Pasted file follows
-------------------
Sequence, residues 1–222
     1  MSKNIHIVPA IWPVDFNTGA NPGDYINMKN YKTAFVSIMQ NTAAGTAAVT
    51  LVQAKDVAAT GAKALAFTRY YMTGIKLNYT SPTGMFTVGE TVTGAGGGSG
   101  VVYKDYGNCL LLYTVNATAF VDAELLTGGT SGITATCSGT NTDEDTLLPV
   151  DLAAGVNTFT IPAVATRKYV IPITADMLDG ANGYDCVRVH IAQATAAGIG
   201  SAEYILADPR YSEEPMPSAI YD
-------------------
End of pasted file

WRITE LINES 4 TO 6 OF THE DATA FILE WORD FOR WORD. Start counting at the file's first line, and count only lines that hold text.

   101  VVYKDYGNCL LLYTVNATAF VDAELLTGGT SGITATCSGT NTDEDTLLPV
   151  DLAAGVNTFT IPAVATRKYV IPITADMLDG ANGYDCVRVH IAQATAAGIG
   201  SAEYILADPR YSEEPMPSAI YD